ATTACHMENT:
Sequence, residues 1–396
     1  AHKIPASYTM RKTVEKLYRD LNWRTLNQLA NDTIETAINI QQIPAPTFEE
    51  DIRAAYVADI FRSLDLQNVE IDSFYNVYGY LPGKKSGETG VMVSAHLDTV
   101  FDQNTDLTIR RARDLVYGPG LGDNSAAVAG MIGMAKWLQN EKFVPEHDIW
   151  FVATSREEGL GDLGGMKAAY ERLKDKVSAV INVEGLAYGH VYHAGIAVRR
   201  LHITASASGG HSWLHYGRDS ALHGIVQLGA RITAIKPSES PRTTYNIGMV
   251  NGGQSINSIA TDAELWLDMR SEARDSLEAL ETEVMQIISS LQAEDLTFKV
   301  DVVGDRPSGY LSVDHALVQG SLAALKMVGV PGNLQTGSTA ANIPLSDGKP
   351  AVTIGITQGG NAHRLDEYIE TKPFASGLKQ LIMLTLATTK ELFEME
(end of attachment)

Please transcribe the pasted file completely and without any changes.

Sequence, residues 1–396
     1  AHKIPASYTM RKTVEKLYRD LNWRTLNQLA NDTIETAINI QQIPAPTFEE
    51  DIRAAYVADI FRSLDLQNVE IDSFYNVYGY LPGKKSGETG VMVSAHLDTV
   101  FDQNTDLTIR RARDLVYGPG LGDNSAAVAG MIGMAKWLQN EKFVPEHDIW
   151  FVATSREEGL GDLGGMKAAY ERLKDKVSAV INVEGLAYGH VYHAGIAVRR
   201  LHITASASGG HSWLHYGRDS ALHGIVQLGA RITAIKPSES PRTTYNIGMV
   251  NGGQSINSIA TDAELWLDMR SEARDSLEAL ETEVMQIISS LQAEDLTFKV
   301  DVVGDRPSGY LSVDHALVQG SLAALKMVGV PGNLQTGSTA ANIPLSDGKP
   351  AVTIGITQGG NAHRLDEYIE TKPFASGLKQ LIMLTLATTK ELFEME